Board directors increasingly are recognizing the imporatnce of diversity. PWC confronted the thoughts and perspectives regarding diversity on boards in their 2015 Annual Corporate Directors Survey.

  • In surveyed directors, over 95% viewed diversity as at least a “somewhat” important director attribute, but 70% of directors also believe there are impediments to increasing board diversity.
  • Interestingly, PWC discovered that over 67% of mega-cap company directors think diversity is “very important” to board composition, contrasted with only 31% of directors at micro-cap companies granting diversity that same ranking, which raises questions about smaller companies’ recognition of the benefit of increased diversity.
  • Further, a vast majority of directors (over 80%) believe diversity enhances board effectiveness and company performance.

Recent research shows that companies are more profitable and have higher market performance when women are on boards. An article in the Academy of Management Journal featured the results of such research combining results from 140 studies, which highlighted better prerformance based on an internal view on asset utilization and income generation and on an external view on perceptions and stock performance when women are on boards. The differing experiences, backgrounds, and communication and interaction styles of women enhance all functions of boards through more productive and effective deliberation and keener oversight from a broader viewpoint and expertise.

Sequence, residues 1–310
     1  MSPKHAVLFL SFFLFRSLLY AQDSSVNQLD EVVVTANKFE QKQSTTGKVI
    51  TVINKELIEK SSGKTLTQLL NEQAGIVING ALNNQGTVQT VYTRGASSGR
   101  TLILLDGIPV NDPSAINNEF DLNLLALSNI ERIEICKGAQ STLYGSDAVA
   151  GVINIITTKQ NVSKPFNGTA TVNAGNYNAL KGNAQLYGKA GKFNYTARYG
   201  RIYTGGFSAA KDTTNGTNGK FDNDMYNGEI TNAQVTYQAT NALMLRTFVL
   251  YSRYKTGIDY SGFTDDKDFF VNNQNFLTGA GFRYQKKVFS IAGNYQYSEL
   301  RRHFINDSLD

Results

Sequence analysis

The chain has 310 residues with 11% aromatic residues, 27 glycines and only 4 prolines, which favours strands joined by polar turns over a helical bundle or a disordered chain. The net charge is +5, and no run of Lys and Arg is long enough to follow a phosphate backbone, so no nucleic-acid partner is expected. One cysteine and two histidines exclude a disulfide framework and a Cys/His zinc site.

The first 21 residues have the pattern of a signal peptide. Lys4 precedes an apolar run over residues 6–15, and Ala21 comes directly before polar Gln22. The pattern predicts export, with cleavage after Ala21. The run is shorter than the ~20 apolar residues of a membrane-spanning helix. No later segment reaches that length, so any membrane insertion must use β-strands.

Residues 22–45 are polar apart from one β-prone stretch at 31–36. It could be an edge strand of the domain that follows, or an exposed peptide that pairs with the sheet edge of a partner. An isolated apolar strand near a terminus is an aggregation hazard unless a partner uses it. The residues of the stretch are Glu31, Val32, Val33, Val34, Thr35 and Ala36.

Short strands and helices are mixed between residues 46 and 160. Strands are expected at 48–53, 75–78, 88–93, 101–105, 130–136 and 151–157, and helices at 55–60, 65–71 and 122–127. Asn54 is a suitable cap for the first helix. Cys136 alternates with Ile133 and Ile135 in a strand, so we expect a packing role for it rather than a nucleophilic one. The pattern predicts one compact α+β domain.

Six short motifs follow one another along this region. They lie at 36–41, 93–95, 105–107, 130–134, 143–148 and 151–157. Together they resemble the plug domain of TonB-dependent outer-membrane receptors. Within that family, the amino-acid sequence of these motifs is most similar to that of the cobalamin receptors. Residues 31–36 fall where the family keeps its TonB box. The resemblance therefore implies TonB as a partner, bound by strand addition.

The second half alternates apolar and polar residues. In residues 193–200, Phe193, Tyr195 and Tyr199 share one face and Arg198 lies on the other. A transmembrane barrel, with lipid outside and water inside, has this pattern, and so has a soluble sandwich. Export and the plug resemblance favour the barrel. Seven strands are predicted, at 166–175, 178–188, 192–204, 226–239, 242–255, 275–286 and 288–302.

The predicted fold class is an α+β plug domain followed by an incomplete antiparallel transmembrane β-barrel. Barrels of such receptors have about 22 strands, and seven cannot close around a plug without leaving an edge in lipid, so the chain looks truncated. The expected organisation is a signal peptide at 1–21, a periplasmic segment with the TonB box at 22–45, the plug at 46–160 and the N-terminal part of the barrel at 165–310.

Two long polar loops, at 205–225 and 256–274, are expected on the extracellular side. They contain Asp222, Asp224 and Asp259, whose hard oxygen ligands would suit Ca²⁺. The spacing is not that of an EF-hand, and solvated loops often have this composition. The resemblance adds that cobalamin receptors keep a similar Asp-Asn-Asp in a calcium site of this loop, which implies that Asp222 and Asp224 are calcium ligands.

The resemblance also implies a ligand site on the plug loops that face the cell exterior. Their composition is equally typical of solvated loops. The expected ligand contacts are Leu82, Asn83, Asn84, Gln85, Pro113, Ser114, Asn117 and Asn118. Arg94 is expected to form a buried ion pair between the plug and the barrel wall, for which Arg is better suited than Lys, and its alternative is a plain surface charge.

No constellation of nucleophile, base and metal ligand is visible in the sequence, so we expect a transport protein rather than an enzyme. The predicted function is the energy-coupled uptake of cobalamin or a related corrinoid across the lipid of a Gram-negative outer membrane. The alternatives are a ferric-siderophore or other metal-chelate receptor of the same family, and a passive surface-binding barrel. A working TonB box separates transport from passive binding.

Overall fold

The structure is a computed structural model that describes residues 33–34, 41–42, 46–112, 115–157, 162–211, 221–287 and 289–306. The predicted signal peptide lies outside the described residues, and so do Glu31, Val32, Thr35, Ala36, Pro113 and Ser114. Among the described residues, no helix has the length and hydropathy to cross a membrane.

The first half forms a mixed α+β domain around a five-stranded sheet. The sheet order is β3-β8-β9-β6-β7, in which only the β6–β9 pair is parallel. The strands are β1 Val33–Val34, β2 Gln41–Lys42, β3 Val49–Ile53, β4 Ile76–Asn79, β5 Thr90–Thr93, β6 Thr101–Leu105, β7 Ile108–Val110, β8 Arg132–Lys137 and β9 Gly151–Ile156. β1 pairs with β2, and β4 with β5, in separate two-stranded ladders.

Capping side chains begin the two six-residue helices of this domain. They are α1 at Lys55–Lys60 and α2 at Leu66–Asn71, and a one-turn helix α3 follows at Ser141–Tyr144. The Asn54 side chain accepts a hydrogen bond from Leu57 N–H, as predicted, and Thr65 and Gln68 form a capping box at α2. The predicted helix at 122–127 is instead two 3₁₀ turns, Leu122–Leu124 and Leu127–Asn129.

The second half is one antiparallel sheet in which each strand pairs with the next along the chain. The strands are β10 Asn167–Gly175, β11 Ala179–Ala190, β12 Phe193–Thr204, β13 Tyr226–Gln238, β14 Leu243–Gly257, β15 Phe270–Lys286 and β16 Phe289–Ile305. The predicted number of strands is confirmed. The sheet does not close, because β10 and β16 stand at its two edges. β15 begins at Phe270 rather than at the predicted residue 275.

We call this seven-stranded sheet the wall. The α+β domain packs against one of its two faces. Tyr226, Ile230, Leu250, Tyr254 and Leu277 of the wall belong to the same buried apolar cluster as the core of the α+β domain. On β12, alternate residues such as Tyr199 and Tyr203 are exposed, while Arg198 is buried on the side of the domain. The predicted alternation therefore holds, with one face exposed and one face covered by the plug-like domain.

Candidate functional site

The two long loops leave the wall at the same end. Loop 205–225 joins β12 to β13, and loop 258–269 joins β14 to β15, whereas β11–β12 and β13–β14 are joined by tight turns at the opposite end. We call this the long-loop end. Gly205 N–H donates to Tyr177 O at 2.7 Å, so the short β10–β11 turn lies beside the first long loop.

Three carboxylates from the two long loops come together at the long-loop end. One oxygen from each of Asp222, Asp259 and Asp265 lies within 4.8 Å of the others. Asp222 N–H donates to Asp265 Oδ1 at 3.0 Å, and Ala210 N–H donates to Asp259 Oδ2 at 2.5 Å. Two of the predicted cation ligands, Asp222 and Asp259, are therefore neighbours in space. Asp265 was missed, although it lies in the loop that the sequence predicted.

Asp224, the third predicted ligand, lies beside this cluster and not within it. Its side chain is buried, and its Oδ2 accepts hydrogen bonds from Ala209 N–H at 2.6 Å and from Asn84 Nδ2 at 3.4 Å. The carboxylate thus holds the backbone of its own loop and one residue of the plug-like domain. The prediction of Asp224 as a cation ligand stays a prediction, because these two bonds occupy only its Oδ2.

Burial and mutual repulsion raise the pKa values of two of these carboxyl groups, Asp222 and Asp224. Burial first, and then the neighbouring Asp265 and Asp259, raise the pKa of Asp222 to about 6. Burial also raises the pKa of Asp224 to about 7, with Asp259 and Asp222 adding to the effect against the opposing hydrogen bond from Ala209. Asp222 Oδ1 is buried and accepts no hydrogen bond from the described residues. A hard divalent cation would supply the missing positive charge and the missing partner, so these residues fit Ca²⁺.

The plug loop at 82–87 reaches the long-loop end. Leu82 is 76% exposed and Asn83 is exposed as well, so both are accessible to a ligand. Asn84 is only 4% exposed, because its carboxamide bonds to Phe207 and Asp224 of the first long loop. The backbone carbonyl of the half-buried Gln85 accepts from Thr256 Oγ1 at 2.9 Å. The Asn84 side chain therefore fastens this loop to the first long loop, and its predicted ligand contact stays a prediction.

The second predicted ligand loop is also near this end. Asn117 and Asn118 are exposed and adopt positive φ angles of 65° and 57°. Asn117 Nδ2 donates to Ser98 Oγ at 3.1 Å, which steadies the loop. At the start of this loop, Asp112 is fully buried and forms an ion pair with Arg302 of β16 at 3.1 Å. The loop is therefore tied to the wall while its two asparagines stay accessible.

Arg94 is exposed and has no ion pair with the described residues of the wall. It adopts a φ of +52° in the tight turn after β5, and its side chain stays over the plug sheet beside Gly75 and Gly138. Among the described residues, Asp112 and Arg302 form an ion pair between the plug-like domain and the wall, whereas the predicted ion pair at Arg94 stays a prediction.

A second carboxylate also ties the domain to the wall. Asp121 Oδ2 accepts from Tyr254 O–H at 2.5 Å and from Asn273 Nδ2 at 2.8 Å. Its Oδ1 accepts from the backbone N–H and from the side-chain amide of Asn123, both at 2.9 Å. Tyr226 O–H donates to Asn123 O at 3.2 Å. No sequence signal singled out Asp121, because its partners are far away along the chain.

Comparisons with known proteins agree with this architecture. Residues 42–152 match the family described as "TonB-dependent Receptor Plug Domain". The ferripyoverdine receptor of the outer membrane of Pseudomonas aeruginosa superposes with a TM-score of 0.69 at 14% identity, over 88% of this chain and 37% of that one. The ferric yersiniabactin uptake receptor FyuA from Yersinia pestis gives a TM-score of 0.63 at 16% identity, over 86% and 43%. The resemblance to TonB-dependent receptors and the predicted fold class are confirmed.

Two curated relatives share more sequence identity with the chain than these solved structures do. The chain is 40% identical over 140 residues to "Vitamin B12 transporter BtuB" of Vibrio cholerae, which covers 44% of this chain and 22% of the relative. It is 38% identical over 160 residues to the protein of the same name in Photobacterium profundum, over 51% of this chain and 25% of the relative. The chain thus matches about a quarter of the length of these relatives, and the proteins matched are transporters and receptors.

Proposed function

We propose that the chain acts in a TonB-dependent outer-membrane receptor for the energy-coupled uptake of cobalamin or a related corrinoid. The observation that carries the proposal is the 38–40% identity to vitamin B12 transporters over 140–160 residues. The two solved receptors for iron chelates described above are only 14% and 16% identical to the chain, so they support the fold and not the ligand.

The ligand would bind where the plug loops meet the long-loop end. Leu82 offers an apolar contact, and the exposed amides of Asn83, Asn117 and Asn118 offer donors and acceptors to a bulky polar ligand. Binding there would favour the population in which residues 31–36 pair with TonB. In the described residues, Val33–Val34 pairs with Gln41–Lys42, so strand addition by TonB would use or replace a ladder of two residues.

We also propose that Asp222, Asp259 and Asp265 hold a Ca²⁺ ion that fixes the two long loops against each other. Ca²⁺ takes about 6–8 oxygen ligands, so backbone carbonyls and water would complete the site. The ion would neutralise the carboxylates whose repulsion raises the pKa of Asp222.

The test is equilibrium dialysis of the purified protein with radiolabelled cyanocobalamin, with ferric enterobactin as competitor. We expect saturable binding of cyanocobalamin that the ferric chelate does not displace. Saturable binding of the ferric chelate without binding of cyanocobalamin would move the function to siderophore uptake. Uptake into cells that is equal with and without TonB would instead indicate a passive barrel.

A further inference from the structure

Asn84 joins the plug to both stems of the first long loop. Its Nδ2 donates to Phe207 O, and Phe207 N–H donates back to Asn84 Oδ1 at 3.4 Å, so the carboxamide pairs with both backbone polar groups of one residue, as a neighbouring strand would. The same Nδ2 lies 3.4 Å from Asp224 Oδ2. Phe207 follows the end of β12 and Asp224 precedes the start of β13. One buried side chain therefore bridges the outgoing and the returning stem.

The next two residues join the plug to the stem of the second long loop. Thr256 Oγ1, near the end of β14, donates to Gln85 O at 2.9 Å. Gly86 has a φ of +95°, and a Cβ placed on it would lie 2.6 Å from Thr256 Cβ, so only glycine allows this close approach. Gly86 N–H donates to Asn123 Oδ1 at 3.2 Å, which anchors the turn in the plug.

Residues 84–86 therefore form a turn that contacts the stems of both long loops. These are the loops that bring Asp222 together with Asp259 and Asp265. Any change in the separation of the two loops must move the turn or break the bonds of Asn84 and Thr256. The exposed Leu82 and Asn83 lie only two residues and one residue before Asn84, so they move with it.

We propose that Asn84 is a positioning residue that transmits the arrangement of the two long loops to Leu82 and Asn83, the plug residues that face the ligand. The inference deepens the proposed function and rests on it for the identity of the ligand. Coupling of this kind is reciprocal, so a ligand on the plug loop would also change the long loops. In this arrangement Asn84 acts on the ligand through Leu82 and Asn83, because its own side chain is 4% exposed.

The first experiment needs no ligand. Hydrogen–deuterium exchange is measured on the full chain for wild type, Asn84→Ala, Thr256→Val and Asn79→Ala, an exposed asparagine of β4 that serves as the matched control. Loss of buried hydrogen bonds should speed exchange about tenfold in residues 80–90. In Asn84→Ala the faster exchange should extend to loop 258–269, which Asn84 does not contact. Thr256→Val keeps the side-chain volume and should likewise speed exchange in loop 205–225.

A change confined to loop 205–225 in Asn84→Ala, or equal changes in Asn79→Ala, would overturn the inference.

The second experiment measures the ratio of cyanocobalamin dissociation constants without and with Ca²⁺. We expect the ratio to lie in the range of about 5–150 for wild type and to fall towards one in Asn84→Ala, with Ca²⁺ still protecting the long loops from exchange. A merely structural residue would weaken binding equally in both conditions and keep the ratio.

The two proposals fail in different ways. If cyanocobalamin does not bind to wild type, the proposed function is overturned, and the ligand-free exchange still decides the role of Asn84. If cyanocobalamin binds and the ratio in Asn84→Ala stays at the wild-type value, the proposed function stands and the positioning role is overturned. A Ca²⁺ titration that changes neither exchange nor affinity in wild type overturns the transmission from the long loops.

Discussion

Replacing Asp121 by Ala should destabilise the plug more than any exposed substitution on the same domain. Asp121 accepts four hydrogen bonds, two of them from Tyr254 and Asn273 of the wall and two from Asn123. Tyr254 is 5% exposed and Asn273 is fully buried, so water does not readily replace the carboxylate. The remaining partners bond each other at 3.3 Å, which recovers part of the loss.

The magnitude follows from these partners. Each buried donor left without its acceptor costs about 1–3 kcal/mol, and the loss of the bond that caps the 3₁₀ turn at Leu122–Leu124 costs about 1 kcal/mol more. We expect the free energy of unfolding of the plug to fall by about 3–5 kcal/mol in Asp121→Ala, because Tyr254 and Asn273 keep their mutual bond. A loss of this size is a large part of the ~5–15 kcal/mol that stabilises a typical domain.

“The idea is that when a group is held to a higher standard of accountability, it will draw on the knowledge of everyone in that group, leading to better decision making” said Corienne Post, PhD., a professor at Lehigh University and author of the article. This negates traditionally held notions that there exists a largely unsuitable pool of diverse candidates and instead points to either a board’s inability or unwillingness to recognize a major weakness, which can be easily remedied through board evaluations. It may require thinking outside of the restrictive traditional confines of director eligibility and recruitment pools to ensure boards are properly constituted with appropriate gender representation.

The ideals of increased accountability and efficacy of boards are at the basis of the continued efforts to increase gender parity on boards. Boards are required to be cognizant of diversity matters and reputation based thereupon in order to remain competitive. Through proper board and peer evaluations, boards can assess strengths and weaknesses of the board as a whole and of each individual director to determine the number and expertise of female directors necessary to enhance their ability to properly govern and lead their organizations to higher successes.

Just as you would not stock your football starting line-up with all kickers, the notion of boards continuing to be comprised of all or an overwhelming majority of men is similarly absurd.

Are you using best practices to collect and store the information you obtain from your Directors and Officers? If you still compile your company’s information manually and collect responses on paper, by scan or emailed responses, you already realize that your systems are not optimized, but it has further reaching implications.